Skip Navigation LinksHome > August 24, 2010 - Volume 24 - Issue 13 > The impact of active HIV-1 replication on the physiological...
doi: 10.1097/QAD.0b013e32833c3298
Clinical Science: Concise Communications

The impact of active HIV-1 replication on the physiological age-related decline of immature-transitional B-cells in HIV-1 infected children

Cagigi, Albertoa,*; Palma, Paolob,c,*; Nilsson, Annad,e; Di Cesare, Silviac; Pensieroso, Simoned; Kakoulidou, Mariaf; Bernardi, Stefaniac; Rossi, Paolob,c; Chiodi, Francescad

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Objective: To characterize the level of immature-transitional B-cells in blood during pediatric HIV-1 infection in relation to active or suppressed viremia. We also aimed at characterizing the level of expression of CXCR4, CXCR5 and CCR7 on immature-transitional B-cells, as these receptors are important mediators for homing of B-cells.

Design: Forty-eight HIV-1 vertically infected children (33 viral controllers and 15 viremic patients) and 33 age-matched healthy controls were enrolled in a cross-sectional study.

Methods: We measured the levels of peripheral immature-transitional B-cells in all groups in relation to switched memory B-cells by flow cytometry. In parallel we evaluated CXCR4, CXCR5 and CCR7 expression on immature-transitional B-cells and measured plasma levels of CXCL12, BAFF and interleukin-7 by ELISA.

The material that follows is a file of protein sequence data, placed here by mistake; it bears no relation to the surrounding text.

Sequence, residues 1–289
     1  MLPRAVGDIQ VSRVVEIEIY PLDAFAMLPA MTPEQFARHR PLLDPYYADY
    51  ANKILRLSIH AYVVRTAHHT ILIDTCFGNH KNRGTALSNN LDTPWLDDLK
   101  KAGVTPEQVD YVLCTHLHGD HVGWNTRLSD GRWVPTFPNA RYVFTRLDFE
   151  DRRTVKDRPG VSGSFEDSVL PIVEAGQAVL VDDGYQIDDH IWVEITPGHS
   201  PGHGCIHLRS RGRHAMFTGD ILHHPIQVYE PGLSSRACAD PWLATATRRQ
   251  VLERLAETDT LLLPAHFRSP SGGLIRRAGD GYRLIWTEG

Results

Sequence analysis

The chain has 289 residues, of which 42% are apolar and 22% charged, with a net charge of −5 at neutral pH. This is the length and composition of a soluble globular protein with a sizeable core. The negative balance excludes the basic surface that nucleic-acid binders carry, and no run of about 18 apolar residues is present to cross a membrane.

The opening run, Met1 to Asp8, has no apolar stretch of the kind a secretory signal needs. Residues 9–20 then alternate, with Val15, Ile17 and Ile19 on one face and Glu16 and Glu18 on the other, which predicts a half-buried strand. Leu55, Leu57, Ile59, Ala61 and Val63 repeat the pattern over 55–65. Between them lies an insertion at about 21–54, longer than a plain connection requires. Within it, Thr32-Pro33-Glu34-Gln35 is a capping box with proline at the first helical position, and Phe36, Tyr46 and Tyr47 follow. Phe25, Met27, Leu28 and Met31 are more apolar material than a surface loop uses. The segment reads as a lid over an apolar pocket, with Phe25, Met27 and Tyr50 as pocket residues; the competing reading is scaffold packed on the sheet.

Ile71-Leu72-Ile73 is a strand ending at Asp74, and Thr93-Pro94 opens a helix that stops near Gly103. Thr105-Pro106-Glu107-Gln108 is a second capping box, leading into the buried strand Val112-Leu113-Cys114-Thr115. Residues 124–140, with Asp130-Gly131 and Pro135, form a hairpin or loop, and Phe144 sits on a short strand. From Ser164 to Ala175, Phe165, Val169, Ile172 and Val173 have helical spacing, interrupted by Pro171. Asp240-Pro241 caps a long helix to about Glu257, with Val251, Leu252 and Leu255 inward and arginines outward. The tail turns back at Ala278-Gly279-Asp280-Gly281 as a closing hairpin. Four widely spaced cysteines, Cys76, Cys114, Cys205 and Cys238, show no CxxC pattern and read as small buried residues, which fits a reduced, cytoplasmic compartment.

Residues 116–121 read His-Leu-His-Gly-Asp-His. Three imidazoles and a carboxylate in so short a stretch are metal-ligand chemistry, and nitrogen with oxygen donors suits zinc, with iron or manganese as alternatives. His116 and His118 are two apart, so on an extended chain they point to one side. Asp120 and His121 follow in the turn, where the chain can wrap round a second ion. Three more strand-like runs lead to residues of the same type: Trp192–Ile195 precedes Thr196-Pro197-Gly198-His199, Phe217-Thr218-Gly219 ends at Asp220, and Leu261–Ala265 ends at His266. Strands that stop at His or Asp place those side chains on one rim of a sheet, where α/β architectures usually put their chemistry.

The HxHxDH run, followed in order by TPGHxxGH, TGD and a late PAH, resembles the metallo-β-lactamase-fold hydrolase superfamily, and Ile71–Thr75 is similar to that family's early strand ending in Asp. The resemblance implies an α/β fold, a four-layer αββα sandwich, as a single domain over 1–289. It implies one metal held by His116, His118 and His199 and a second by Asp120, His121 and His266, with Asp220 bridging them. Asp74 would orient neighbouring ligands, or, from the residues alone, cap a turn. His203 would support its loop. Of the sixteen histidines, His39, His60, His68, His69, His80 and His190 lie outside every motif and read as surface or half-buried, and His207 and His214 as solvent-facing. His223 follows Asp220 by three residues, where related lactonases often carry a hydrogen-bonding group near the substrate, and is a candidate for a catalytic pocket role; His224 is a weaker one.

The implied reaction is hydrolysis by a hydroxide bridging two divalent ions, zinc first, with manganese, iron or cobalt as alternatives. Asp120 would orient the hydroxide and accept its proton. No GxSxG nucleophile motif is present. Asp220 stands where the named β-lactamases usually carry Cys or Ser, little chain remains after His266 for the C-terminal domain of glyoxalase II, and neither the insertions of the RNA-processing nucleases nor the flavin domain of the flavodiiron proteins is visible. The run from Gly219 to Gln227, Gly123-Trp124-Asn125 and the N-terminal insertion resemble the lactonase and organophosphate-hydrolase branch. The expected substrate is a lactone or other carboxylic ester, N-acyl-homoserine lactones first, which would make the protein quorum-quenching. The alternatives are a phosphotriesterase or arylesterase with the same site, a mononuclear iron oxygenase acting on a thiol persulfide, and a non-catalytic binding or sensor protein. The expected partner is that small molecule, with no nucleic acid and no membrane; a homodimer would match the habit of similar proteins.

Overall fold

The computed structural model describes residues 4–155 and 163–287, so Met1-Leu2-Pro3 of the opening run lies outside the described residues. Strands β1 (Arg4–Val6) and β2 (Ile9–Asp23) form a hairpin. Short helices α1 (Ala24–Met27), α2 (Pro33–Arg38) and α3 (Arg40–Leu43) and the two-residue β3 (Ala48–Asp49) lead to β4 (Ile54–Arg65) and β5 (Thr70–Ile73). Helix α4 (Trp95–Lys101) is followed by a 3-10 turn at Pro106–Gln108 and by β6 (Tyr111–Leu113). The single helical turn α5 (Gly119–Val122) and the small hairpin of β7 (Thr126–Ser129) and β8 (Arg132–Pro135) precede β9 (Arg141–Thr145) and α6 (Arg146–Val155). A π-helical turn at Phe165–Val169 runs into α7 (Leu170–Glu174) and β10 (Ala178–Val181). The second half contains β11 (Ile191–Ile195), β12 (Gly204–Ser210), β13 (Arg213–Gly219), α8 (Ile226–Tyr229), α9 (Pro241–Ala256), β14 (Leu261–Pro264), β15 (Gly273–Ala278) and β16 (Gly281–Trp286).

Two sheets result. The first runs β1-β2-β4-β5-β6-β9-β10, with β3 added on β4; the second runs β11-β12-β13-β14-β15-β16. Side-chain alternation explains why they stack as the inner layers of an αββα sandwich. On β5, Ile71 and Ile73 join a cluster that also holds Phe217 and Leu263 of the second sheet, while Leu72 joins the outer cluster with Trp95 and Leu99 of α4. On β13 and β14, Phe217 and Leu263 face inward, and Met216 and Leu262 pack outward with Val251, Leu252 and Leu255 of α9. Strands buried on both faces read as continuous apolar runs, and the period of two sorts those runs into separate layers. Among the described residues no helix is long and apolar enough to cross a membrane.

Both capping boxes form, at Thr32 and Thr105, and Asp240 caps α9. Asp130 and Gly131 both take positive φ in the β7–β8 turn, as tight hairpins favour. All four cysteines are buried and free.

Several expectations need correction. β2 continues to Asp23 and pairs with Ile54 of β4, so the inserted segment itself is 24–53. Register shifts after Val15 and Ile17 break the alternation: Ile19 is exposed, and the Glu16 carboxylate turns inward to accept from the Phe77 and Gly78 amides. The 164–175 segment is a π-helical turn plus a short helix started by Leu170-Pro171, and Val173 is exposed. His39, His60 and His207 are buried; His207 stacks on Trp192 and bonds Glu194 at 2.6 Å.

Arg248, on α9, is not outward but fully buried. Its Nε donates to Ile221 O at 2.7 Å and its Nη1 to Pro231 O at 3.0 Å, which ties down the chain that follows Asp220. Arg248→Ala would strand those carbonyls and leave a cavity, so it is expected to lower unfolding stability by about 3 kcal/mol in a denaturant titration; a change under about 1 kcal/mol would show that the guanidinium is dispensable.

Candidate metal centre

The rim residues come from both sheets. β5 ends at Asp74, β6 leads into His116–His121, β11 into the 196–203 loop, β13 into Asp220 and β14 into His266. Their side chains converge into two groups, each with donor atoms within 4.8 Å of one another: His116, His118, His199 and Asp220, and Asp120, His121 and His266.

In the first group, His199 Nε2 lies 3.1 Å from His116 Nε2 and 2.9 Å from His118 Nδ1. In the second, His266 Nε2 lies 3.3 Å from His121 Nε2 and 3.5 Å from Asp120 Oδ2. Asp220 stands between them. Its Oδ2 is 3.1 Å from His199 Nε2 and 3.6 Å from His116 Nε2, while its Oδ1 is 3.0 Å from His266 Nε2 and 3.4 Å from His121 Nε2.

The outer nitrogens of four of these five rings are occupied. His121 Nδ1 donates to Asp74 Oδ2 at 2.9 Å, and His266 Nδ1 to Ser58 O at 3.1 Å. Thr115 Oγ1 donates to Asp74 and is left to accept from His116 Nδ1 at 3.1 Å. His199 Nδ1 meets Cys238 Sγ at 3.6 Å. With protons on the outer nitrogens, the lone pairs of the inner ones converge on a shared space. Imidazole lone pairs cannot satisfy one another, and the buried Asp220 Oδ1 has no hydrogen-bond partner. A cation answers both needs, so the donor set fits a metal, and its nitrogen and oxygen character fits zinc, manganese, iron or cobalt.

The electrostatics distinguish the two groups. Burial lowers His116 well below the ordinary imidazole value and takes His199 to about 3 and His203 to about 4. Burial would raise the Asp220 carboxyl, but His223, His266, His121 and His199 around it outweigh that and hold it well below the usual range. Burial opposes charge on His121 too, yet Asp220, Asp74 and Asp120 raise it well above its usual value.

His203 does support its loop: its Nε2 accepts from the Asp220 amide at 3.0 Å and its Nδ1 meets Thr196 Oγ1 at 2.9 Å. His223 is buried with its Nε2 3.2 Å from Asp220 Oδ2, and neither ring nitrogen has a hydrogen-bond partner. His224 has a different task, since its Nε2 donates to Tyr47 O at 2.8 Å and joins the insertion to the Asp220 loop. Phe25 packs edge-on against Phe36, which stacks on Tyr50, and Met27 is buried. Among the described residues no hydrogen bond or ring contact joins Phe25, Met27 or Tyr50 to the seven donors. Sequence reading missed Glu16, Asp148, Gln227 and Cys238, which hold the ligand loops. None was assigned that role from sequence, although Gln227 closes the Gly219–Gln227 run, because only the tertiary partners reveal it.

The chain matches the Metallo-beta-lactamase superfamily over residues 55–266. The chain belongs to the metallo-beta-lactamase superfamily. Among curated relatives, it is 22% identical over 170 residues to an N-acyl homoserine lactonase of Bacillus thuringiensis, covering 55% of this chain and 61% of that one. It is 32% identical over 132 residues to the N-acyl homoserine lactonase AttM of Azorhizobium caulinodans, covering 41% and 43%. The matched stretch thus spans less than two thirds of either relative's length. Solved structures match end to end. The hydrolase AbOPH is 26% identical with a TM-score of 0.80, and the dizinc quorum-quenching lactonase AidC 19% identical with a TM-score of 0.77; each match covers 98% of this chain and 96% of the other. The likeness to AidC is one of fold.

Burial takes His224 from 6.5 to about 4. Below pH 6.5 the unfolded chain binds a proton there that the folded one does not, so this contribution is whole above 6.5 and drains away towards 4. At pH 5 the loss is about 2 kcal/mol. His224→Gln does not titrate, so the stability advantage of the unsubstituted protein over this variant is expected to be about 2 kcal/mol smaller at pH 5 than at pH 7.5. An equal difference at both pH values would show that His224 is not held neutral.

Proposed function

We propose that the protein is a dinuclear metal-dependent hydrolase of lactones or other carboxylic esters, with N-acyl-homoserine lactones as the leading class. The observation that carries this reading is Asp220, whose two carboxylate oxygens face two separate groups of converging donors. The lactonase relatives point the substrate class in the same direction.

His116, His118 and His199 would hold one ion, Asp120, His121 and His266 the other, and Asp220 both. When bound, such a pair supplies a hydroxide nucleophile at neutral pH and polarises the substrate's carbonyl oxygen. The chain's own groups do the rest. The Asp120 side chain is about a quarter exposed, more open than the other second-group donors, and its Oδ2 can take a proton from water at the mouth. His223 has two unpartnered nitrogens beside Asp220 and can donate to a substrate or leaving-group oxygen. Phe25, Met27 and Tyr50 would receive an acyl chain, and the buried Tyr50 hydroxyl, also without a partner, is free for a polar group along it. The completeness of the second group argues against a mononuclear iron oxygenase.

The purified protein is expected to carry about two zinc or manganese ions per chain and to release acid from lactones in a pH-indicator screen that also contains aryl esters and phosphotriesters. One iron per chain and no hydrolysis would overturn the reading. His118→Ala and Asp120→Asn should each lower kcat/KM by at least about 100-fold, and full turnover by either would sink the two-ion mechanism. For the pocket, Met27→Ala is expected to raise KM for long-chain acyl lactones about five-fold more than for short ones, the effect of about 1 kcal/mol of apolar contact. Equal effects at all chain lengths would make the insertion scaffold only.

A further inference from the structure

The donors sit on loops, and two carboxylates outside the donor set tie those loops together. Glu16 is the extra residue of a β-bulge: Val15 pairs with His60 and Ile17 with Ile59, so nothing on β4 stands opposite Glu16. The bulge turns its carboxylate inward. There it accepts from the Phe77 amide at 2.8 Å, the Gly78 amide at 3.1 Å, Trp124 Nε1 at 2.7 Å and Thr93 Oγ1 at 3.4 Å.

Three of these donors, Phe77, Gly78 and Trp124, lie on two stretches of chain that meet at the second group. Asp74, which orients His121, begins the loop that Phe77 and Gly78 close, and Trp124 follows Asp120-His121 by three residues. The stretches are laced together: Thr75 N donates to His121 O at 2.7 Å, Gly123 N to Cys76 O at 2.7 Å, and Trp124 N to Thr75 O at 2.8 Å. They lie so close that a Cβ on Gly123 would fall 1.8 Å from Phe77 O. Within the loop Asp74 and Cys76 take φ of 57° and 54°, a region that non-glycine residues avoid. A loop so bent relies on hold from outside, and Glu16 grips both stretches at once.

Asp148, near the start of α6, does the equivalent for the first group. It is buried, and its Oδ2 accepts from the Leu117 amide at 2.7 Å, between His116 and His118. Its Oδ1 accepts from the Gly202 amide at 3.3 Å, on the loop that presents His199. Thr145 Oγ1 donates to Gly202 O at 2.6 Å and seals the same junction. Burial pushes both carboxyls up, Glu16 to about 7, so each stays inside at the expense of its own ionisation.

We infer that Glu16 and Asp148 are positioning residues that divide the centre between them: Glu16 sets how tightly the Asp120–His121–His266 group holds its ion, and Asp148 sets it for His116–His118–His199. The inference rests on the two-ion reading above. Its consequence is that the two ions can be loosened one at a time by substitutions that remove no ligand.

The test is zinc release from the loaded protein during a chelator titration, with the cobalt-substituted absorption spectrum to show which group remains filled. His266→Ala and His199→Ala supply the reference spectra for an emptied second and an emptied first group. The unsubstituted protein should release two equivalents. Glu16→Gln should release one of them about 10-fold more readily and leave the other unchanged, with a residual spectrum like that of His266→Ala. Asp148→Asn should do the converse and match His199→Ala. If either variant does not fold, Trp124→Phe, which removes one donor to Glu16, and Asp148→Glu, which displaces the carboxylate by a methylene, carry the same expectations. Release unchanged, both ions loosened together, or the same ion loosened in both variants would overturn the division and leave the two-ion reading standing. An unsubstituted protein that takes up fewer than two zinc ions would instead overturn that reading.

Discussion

Results: We observed a lack of physiological age-related decline of immature-transitional B-cells in viremic children in parallel to a decreased level of switched memory B-cells. Interestingly, immature-transitional B-cells from viremic children presented with high levels of CXCR4. On the contrary, the level of CXCL12, the natural ligand for CXCR4, was lowest in the HIV-1 infected group, as compared with controls.

Conclusion: Control of HIV-1 viremia through antiretroviral treatment appears to be crucial in decreasing the expansion and alteration of immature-transitional B-cells.

© 2010 Lippincott Williams & Wilkins, Inc.


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